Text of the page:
Changes are underway for Formula 1 motorsport in 2017. Among the key updates, the power unit token system will be scrapped and head protection has also become a priority.
For 2017, the power unit token system in Formula 1 shall be removed. This means manufacturers will no longer face restrictions when it comes to engine development. Hopefully, this also means that rival manufacturers will catch up with teams who are currently at the front of the pack, such as Mercedes and Ferrari.
The token system was first set up to limit what manufacturers can do to their engines during a season while also keeping costs under control. According to a report from the BBC, the original plan consisted of giving manufacturers 25 tokens for 2016, a big decrease from the 32 they had been granted last season. Moreover, these tokens supposedly set to continue to decrease each year.
Motorsport.com reports that the tokens are even supposed to be down to 20 in 2018 and 15 in 2019. To make the token system possible, engines were divided into 66 parts. And each part accounted for as much as three tokens, depending on how they affect the performance of the engine.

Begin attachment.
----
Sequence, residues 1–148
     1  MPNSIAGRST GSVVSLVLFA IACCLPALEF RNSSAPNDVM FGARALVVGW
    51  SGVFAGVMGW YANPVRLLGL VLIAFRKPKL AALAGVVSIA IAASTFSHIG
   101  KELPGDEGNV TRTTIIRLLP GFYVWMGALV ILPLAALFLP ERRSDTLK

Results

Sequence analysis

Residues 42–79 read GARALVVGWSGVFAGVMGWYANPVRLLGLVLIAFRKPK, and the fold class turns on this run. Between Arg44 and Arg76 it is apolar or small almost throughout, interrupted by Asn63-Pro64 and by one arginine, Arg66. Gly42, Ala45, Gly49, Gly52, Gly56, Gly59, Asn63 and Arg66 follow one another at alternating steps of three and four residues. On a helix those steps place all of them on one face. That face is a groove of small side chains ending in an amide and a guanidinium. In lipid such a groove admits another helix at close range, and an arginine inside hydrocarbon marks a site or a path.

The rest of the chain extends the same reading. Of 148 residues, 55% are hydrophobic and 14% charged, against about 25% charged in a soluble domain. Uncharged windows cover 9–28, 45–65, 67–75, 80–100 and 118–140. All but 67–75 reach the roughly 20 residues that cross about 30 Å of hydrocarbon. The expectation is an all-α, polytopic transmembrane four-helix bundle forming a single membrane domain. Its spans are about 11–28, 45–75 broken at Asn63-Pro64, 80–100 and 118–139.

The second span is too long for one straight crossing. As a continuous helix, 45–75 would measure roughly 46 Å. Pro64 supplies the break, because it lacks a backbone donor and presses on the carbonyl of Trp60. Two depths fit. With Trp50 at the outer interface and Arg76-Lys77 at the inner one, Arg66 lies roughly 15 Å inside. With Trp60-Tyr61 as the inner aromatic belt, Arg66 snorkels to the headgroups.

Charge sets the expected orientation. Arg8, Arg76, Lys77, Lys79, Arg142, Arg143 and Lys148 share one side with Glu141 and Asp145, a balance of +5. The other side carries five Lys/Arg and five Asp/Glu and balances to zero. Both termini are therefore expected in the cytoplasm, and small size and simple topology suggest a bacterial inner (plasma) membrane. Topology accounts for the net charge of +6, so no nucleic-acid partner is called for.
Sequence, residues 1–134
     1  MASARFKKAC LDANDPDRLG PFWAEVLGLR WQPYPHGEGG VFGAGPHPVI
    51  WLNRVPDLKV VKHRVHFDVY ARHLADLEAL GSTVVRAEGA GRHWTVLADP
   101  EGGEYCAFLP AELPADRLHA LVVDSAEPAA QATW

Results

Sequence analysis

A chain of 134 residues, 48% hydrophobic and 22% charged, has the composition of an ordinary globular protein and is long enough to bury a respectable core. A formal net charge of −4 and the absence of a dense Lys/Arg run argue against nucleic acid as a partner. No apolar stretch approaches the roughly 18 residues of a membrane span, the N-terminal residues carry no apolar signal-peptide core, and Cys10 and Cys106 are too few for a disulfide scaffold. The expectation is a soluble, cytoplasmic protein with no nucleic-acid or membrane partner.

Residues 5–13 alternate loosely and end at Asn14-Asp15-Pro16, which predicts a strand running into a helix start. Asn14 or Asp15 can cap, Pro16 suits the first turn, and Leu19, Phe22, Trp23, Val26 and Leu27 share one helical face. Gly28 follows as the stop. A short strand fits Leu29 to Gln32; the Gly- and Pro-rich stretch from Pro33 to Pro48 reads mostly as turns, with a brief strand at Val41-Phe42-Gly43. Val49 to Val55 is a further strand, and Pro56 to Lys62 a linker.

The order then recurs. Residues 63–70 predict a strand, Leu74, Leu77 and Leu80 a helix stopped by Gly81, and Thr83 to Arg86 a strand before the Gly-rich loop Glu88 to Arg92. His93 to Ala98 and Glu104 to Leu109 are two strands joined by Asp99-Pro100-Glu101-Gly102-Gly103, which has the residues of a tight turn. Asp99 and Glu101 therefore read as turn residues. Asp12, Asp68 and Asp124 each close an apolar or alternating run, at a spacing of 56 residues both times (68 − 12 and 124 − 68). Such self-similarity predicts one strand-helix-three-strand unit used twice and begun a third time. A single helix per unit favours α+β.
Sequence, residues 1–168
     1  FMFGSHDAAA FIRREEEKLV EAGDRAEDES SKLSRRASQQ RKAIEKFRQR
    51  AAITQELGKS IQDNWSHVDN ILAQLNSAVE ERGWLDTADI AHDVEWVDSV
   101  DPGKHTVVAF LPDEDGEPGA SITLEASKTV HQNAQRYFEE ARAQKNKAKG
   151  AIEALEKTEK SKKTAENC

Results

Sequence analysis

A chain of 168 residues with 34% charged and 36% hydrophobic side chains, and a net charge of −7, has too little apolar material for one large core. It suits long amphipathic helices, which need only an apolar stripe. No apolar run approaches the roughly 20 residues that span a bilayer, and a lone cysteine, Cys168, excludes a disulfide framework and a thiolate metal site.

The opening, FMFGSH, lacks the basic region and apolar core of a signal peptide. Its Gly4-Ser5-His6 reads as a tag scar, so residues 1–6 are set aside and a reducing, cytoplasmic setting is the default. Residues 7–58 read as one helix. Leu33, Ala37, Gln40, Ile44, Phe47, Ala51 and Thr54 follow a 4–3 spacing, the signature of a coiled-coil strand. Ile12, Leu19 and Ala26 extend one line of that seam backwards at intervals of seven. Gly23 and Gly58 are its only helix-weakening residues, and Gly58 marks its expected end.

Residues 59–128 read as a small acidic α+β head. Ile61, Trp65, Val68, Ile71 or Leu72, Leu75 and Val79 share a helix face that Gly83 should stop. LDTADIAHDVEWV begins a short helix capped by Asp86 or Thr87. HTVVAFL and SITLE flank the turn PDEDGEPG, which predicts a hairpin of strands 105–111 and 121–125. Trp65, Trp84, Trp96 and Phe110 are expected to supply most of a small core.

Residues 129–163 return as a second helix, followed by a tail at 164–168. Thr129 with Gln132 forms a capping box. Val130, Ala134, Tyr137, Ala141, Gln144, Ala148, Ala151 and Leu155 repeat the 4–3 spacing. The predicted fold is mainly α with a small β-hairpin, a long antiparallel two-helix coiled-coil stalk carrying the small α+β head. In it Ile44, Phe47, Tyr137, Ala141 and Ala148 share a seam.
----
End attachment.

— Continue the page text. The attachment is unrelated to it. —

By 2017 though, one restriction remains for manufacturers. That is, new parts can only be fitted when one of the six elements in a car’s power unit is changed. These include the turbo charger, energy store, control electronics, internal combustion engine and the two motor generator units. At the same time, drivers will still be limited to four engines during the season.
Meanwhile, the FIA is taking active steps to prevent head injuries on the track. The Formula 1 governing body has announced that it is looking to introduce a halo-like device that would serve to protect drivers’ heads from large chunks of airborne debris. The Telegraph reports that the design of the halo was taken from a design developed by Mercedes. Following this announcement, Grand Prix Association chairman Alexander Wurz told the BBC that the drivers are “happy” about the new development.